- Where the Locals Go
A Local's Guide to Montevideo, Uruguay
Tango, soccer, and mate fuel the vibrant coastal capital of Uruguay. Follow these insider tips for an authentic experience in Montevideo.
So passionate about sharing her hometown of Montevideo with others, Dr. Daniela Ottati Reperger wrote her master's thesis on tourism in Uruguay then completed her Ph.D. dissertation on geography education. Now this professor teaches at Florida International University and Broward College, but travels home as frequently as possible.
When someone comes to visit me, the first place I take them is the Rambla, our extensive promenade by the Río de la Plata, where people walk, run, exercise, and gather.
Summer, autumn, and spring are the best times to visit my city because people can enjoy the outdoors in the city’s many public spaces and parks.
You can see my city best from the free observation deck on the 25th floor of Montevideo’s municipal building, Intendencia Municipal de Montevideo.
Locals know to skip using cars and check out public transportation instead.
Mercado de los Artesanos in downtown Montevideo and Sarandí Street is the place to buy authentic, local souvenirs.
In the past, notable people like writer Mario Benedetti, painter Joaquín Torres García, and singer Alfredo Zitarrosa have called my city home.
My city’s best museum is the soccer museum, Museo del Fútbol, housed in the Estadio Centenario, historical monument of world football that hosted the very first World Cup back in 1930.
If there’s one thing you should know about getting around my city, it’s that, as opposed to other places, taxis are very economical and convenient.
The best places to spend time outdoors in my city are the numerous parks and the beach, bordered by the Rambla.
My city really knows how to celebrate Carnival because it is the longest in the world, lasting 40 days.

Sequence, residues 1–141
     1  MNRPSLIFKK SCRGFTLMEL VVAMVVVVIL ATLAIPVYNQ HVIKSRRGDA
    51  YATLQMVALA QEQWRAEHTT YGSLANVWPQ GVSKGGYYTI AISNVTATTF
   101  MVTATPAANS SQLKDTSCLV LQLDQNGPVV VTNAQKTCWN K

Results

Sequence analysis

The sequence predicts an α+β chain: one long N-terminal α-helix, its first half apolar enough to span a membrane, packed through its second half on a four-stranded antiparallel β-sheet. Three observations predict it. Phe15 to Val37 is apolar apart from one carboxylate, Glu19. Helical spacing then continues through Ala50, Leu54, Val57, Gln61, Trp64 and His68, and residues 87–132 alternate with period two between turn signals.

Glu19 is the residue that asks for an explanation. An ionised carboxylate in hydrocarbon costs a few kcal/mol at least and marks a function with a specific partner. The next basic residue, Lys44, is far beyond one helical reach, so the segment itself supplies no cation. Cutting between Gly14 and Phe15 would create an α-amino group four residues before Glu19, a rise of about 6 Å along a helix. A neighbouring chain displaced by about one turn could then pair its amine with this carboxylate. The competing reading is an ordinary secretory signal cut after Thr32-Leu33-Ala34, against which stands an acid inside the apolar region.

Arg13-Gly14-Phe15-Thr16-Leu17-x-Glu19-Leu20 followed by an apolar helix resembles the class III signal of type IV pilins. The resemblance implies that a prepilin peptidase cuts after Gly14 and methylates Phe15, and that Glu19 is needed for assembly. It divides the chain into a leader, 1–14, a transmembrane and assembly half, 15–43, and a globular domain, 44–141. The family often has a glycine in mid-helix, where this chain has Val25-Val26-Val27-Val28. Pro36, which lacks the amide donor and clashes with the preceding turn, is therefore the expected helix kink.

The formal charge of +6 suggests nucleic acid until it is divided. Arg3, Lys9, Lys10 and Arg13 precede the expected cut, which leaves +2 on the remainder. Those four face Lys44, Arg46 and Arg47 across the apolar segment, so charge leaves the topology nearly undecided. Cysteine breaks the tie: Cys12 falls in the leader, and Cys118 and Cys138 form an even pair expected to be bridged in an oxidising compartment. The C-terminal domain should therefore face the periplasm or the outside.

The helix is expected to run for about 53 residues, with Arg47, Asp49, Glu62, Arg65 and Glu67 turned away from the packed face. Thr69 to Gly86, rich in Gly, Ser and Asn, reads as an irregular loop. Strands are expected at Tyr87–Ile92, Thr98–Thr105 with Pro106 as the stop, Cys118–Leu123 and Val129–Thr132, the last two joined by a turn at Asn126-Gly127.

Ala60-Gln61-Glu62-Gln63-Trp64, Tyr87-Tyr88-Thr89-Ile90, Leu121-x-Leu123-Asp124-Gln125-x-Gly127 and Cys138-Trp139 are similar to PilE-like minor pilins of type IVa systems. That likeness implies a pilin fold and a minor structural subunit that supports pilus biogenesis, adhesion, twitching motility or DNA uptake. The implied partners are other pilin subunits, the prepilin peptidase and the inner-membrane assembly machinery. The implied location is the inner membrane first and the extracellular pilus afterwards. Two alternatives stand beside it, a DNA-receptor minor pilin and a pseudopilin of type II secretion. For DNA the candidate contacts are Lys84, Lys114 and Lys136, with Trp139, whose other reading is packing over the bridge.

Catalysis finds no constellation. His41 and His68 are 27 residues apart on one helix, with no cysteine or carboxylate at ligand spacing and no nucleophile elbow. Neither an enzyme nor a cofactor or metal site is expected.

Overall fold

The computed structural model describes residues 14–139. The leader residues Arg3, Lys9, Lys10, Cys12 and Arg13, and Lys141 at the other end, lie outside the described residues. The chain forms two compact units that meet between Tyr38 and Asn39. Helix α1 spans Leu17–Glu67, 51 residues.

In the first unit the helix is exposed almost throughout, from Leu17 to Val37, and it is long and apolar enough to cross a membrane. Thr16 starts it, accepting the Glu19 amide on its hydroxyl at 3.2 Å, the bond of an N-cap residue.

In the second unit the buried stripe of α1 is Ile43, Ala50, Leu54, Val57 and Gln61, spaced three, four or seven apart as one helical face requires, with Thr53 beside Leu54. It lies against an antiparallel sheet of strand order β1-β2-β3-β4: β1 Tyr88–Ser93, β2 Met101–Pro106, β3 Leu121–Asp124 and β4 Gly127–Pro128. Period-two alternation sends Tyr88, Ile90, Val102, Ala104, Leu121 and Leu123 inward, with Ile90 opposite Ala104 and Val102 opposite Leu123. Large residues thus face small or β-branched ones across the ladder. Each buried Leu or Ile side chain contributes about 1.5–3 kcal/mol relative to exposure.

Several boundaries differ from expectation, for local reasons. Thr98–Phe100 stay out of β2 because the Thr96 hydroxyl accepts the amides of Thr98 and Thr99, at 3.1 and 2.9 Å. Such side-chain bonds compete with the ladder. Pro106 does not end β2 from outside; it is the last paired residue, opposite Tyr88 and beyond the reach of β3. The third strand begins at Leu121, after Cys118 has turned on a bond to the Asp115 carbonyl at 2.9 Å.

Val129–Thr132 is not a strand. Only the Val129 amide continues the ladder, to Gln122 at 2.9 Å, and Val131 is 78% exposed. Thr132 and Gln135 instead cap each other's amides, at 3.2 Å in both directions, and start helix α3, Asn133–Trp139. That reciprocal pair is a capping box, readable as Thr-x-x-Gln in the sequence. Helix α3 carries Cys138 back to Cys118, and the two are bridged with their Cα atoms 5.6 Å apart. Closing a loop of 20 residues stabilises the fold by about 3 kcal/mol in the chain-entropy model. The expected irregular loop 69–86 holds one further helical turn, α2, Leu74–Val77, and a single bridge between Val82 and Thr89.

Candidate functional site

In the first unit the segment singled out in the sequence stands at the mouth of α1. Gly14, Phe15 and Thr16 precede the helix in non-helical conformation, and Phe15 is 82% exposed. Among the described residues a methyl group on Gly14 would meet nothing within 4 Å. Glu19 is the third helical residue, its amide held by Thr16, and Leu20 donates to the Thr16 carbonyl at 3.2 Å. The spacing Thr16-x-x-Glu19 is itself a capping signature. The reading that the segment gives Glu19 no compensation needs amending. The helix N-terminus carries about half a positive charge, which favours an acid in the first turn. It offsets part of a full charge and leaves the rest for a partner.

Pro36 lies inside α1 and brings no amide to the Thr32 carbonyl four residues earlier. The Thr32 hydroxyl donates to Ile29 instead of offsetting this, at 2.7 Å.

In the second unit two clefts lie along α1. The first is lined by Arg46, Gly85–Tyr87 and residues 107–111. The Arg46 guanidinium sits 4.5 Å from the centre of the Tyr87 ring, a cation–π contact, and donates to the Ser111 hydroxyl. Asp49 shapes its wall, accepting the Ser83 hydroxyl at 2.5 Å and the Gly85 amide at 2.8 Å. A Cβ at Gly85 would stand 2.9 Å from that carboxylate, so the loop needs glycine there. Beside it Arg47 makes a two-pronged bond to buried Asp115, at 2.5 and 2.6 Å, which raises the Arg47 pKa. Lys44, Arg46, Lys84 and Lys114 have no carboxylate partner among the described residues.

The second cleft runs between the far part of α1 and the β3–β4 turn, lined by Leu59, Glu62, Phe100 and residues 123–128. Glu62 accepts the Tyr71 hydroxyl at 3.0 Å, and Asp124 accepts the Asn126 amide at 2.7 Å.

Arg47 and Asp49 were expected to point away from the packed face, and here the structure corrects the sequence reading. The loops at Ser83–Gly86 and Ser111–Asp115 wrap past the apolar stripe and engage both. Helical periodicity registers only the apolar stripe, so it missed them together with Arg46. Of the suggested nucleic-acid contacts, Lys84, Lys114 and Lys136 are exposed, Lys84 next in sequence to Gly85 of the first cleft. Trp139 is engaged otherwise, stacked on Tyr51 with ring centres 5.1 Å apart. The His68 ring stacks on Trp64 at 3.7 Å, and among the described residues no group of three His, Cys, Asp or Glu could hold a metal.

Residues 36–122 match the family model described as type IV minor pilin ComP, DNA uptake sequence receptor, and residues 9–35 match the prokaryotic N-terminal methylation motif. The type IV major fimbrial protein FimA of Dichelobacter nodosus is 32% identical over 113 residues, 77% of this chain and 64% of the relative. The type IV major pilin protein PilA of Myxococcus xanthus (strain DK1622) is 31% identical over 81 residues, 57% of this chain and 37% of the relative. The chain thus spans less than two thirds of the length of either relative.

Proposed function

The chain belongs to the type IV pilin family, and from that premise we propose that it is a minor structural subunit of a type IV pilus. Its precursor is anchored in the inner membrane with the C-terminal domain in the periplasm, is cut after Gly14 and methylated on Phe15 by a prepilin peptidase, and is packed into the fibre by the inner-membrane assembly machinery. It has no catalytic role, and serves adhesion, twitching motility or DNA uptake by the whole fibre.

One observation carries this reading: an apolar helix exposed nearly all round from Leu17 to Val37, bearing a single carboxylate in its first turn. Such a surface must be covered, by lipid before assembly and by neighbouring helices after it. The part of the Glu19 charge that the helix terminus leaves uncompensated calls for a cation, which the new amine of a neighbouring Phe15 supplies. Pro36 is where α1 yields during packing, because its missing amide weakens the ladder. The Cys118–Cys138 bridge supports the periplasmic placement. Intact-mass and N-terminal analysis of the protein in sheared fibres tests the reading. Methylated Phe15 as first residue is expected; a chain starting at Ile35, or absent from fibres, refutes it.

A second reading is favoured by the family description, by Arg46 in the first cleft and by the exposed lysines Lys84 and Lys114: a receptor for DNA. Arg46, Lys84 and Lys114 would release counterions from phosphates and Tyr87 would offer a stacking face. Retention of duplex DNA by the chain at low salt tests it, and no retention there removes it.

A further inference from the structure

You can tell if someone is from my city if he or she likes soccer, drinks the tealike infusion mate, and enjoys eating parrillada, grilled meats and vegetables.
For a fancy night out, I go to the majestic Solís Theater for a performance.
Just outside my city, you can visit Colonia del Sacramento (its historic quarter is a UNESCO World Heritage site) and chic resort city Punta del Este, which are each two hours away from Montevideo.
My city is known for being small, but it’s really quite grandiose, with a big personality.
The best outdoor market in my city is Tristán Narvaja on Sundays, where you can find anything you can imagine.
Sofitel Montevideo Casino Carrasco and Spa is my favorite place to grab breakfast, and Rara Avis is the spot for late-night eats.
To find out what’s going on at night and on the weekends, read Sábado Show, which comes with the El País newspaper.
When I’m feeling cash-strapped, I buy delicious dulce de leche ice cream, traditional confection alfajores, and empanadas.
To escape the crowds, I visit the Costa de Oro (Golden Coast) beaches such as El Pinar, which lives up to its name with extensive white sand.
The dish that represents my city best is steak sandwich chivito, and tannat wine, mate, and medio y medio are my city’s signature drinks. Sample them everywhere!
- Nat Geo Expeditions
Sala Zitarrosa is the best place to see live music, but if you’re in the mood to dance, check out Lotus.
The parading dance troupes and Uruguayan music during Desfile de las Llamadas (the Calls Parade) could only happen in my city.
In the spring you should visit the city’s botanical garden.
In the summer you should take a postcard-perfect picture with the Montevideo sign and beachgoers in the background.
In the fall you should attend tango shows, or try it yourself by taking a tango lesson.
In the winter you should stay inside at the Punta Carretas shopping center.
If you have kids (or are a kid at heart), you won’t want to miss the Parque Rodó with amusement rides, a children’s library, and open-air photography exhibition space.
The best book about my city is Montevideanos by Mario Benedetti, because he wrote about the city’s everyday life and people.